A few years ago I was invited to a party where the only person I knew was the host. My wife was away so I was on my own.
After greeting the host and ordering a drink, I steeled myself for what promised to be a long evening. At that moment a young man came up and introduced himself. “You’re Tom Wolf,” he said. “I’ve been waiting to meet you. If you have a minute, I’d love you to come over here and meet some of my friends.”
Later I learned the host had deputized a group of people to act as a welcoming crew and my new friend was simply doing his job. Did I feel manipulated? Not at all. It was a wonderful evening and I met a lot of new and interesting people.
The next year, when the party’s host sent me a fundraising letter, he referred to the evening and said how much his young friend had enjoyed talking with me. I didn’t hesitate before putting a check in the return envelope. I felt connected.
In this vein, let me offer four cultivation tips that I discuss in greater depth in my book, How to Connect with Donors and Double the Money You Raise.
Beware of Strangers
“It’s all about turning a name into a relationship.” So said one of my mentors, the late Francis Bosworth, executive director of a settlement house in Philadelphia.
In teaching me the elements of “friendraising,” Boz counseled patience coupled with genuine interest. “The contributions will come in time (or they won’t), but that isn’t the place to begin. Never ask a stranger for a large gift.”
This latter advice was a bit of an exaggeration. We request donations from plenty of people we don’t know and are often successful doing so. But in an age when fundraising books and courses teach the science and metrics of list building, Boz’s emphatic wisdom was an important complement for two reasons.
First, it was built on the idea that prospect lists take on much greater value when the names become flesh-and-blood people and, second, that a major benefit of this approach is that it often results in turning the casual small donor into an intensely loyal and large one.
Impress Your Donors by Listening
Another early mentor, Peter, taught me the importance of using an early fundraising call primarily as an opportunity to form or deepen a relationship. You don’t endlessly talk about yourself or your organization.
“Think about the people you like to spend time with,” says Peter. “Are they the ones who constantly focus the conversation on themselves or those who show interest in you?”
Peter continues: “Would that every fundraiser took a crash course in empathy. Call it the art of good listening. It’s often the difference between success and failure.”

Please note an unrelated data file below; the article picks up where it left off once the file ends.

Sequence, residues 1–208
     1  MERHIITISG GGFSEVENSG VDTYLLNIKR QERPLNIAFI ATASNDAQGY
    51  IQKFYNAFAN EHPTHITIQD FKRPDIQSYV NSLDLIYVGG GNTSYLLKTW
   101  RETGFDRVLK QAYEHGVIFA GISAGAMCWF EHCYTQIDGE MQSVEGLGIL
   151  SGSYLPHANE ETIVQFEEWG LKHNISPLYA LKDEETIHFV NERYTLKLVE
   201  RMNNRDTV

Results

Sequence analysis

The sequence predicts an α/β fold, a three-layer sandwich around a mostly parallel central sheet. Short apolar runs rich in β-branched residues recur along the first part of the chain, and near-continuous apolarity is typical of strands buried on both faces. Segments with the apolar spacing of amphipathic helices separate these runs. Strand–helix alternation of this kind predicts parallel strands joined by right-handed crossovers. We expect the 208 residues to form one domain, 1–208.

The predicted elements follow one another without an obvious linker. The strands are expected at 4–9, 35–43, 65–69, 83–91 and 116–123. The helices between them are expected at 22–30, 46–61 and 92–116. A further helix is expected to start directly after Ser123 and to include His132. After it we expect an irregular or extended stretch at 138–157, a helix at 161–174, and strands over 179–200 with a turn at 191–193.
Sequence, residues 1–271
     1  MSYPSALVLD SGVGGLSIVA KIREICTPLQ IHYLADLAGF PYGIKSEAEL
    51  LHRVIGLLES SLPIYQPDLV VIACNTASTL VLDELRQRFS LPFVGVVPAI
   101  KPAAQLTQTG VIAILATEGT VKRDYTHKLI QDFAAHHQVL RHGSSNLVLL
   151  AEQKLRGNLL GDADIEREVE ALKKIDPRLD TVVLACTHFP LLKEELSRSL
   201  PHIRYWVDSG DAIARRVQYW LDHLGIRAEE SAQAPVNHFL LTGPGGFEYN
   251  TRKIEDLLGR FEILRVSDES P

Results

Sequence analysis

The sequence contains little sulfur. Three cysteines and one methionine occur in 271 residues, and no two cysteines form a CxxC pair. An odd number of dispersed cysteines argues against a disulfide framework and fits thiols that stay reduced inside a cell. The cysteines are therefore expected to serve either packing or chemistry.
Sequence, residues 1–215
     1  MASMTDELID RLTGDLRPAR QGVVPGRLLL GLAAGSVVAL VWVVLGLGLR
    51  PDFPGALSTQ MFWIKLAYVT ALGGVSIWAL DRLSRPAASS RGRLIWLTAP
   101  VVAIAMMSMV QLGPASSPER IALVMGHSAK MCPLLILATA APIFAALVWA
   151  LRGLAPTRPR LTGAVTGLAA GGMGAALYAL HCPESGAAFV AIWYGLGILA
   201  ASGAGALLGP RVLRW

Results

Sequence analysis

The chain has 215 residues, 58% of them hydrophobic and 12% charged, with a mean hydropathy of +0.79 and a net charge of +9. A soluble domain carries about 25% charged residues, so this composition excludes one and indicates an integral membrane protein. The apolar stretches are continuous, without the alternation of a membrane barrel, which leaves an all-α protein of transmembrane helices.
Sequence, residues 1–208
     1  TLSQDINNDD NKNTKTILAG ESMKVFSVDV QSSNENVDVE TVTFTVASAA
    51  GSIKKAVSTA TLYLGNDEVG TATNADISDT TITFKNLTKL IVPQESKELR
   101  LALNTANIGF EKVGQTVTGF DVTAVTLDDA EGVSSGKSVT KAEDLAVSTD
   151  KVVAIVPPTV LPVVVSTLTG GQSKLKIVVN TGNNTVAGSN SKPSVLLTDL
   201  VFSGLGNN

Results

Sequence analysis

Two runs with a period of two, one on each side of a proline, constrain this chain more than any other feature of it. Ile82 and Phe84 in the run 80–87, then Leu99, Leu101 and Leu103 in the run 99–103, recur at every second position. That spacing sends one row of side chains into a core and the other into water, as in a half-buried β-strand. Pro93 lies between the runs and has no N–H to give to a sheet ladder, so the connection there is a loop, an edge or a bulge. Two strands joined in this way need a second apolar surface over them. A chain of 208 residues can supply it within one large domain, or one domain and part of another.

Since it sets the tone and helps to form your prospect’s initial impression, good listening is especially important at the beginning of a fundraising call. Take your cue from the great English novelist, Thomas Hardy, who said: “That man’s silence is wonderful to listen to.” Be like that man.
Remember the Children
After decades of fundraising, I’m sometimes asked, “What’s the worst mistake you’ve made in your career?” It’s a question I can answer without hesitation because the mistake is one I made not just once, but countless times … and at great cost. Simply put, I didn’t pay enough attention to my donors’ children.
Needless to say, donors age and in time leave us. For those with a good deal of money, much of their wealth will live on after them. Where there are children, it’s the younger generation that will ultimately control where the family philanthropic donors are directed.
I’m not suggesting we cultivate friendships with six-year-olds. But youngsters grow into adults quickly and establish their own philanthropic preferences. When their parents’ estates are finally passed on, the kids in many cases have already established loyalties to organizations different from the ones their parents supported. Simply put, befriending the children can help prevent the family philanthropy from straying once the parents are gone.
Move On from Disappointment
A regular donor of ours, Madelyn had recently divorced and remarried and her new husband was quite wealthy. With her first husband, Madelyn had always made a contribution to our organization which, given their economic situation, I considered generous.
She came to many of our activities and professed great interest in our work. With the organization taking on a new project that I knew would interest her, and with Madelyn now having access to greater wealth, I went to see her and asked for $5,000. She said it sounded interesting and she’d discuss it with her husband.
A week later I received a letter explaining that with two children in college, things were a bit tight and they wouldn’t be making a gift. I was surprised and a little disappointed, but let it go. Until I took my car in for service the next week!
I asked the dealer, an old friend, how things were going. He happened to mention Madelyn and her new husband and how in the last year they’d bought two new cars—in cash—one of them a luxury sedan.
I was livid. Here was one of my long-time donors, now affluent and crying poor. I went to the development committee and spewed forth various invectives. Their reaction surprised me. “Tom, you’re no longer rational about this,” they said. “You’re too upset. We’ll take them off your list and give them to someone else.”
It was good advice. In real life when our friends disappoint and anger us, we can move on. But in the world of fundraising we can’t afford to. We need to figure out a way to continue the relationships or our organizations will be seriously impoverished.
The preceding is a guest blog post by Thomas Wolf is a principal with the consulting firm WolfBrown. In addition to How to Connect with Donors and Double the Money You Raise, he is the author of Effective Leadership for Nonprofit Organizations: How Executive Directors and Boards Work Together.